Life at a Standstill

I have two daughters. Both of them are still in full time employment. They do depend on these jobs. During the past few months, while Peter had terminal cancer, they sacrificed already a lot as far as their jobs is concerned., because they were constantly helping out in looking after Peter, so that he could stay at home during the final stages of his bone cancer. They admit they would like to be able to catch up on their work now. Over the Christmas period they had some respite, which I felt they very much needed. Because of the Coronavirus both can work mostly from home. But when there are too many distractions, working from home is not always possible.

I know, that Peter on his deathbed kept worrying about the jobs of his daughters. He kept saying they should not neglect their work because of him. They kept assuring him, that it was alright. Their employment was such, that they could always get compassionate leave when it was needed. And I reckon this says a lot about employment conditions in Australia, well at least for those people that are lucky enough to be in full time employment!

Now to my son, who is already retired and lives on his own in regional Victoria. Even though his father had not much time to live and needed constant care, and even though a most senior Oncologist attested to this, and even though people were always told in special circumstances the border could be crossed on compassionate grounds, Martin, the son, still was not able to get a permit withiout going on a 14 day quarentine first. This stressed out Martin no end, for he did not know how many days his father would have to live! Peter could have died any day, really. Nobody could forecast how many days he would have to live. We were just told that it was unlikely that he’d still be alive by Christmas.

Miraculously, on the 23rd of November the border between NSW and Victoria was opened! Martin could finally rush to his father’s deathbed. And he could bring his dog along in his car. Millie, the dog, was loved by all in the family. She was no bother at all, for Martin took excellent care of her. He treated her really like his baby! He also helped tremendously by sharing in the care of his more and more disabled father.

Millie, the dog, was great therapy for everyone, especially for Peter. On the 12th of December Peter took his final breath. And one day after the funeral, that is on Sunday, the 20th of December. Martin had to rush back to Victoria. He arrived with Millie at his place in Benalla just before the border was closed again! Originally I had planned to go along with Martin to Benalla and stay there for a few weeks. However, at the same time it had been decided to have the family over to my place here in Dapto for our usual Christmas Eve celebrations. Martin having to rush off so suddenly did bring me sort of out of balance. I thought I could not go with him because of our Christmas Eve celebrations. But maybe I should have given the celebrations a miss and gone off with Martin – Who knows?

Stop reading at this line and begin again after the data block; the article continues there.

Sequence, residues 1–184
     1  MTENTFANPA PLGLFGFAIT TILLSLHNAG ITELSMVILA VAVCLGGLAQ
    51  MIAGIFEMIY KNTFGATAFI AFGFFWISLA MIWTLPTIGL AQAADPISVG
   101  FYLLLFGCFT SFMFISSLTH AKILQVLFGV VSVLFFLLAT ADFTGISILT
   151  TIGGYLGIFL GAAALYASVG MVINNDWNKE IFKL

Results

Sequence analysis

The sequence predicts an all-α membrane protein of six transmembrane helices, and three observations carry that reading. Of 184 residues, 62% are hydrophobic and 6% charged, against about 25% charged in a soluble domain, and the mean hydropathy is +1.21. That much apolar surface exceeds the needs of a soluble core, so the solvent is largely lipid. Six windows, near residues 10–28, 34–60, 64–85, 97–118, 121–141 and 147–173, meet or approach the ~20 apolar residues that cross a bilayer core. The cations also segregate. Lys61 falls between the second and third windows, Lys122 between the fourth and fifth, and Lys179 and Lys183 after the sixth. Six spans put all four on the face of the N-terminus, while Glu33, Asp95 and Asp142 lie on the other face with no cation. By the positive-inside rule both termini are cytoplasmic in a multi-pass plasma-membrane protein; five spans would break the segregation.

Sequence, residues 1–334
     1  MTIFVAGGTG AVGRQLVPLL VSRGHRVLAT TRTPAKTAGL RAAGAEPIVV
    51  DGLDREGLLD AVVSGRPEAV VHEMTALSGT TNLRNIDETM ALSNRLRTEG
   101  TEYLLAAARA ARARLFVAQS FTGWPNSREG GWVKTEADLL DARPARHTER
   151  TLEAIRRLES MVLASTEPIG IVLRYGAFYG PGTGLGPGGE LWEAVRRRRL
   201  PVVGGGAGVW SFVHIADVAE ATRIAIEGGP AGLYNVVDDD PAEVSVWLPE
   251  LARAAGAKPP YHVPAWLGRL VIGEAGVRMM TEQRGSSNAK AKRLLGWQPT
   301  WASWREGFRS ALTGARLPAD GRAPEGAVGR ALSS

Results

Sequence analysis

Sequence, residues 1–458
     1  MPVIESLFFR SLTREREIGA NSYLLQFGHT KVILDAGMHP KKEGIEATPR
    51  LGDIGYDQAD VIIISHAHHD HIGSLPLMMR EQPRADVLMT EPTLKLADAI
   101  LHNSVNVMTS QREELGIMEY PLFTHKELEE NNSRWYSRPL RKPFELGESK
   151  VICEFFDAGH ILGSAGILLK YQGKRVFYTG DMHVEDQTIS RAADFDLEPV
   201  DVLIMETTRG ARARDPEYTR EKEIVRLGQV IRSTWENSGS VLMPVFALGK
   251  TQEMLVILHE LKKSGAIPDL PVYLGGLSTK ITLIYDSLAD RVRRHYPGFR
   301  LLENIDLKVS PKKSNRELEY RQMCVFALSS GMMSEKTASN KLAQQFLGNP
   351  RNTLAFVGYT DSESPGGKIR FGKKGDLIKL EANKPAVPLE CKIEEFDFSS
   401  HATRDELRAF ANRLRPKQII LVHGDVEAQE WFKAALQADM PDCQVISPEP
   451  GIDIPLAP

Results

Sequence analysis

Martin hopes, the border can be opened again soon. He says he is already preparing my room, that is I am always welcome to have his spare bedroom and to stay with him for as long as I like. At the moment he feels kind of useless, because he cannot do anything for me.

I must say, these border closures are of course necessary because of the Coronavirus. Trying to keep the virus in check. for sure is very important. This brings a lot of peoples’ lives on hold! These closures turned out to be frustrating, especially for Martin. And I must say, for me too. So, sooner or later I have to get over it. It just takes some time. Overall we have been lucky. We must be grateful for the timing, I mean Peter was able to die in peace surrounded by all his loved ones! This is really something, when so many people are immensely distressed because they cannot see their dying loved ones because of the virus.

Is it only a bit over two weeks since Martin had to rush back to Benalla? I guess in about a week for most people the holiday time will be over. So from next week on we might be able to organise some of the planned renovations. I trust Caroline and son-in-law Matthew to do this for me. The question is, will I be able to escape to some other place, while the painters start working here? And then comes the laying out of a new floor! I reckon, it would be nice, if I did not have to be here, when all this is going on.  

hen Australians want to go on holidays right now, they have to book holidays in the state they live in. The hospitality business suffers a lot because of this. Bookings in other states that had already been made, had to be cancelled! The borders are only going to be opened again, when for instance the clusters of Corona cases in Sydney and Melbourne are adequately handled, and when there aren’t any new cases for a while. Fortunately the tracking system works here pretty well. As soon as they find out that there is the possibility that you came into contact with someone who became a known case, they urge you to get tested. Thousands and thousands of people get tested every day to find out the people who might be carrying the virus. The bad thing is, that virus carriers, who do not show any symptoms, can still infect a lot of other people!

Noam Chomsky: Coronavirus – What is at stake? COVID & ECONOMY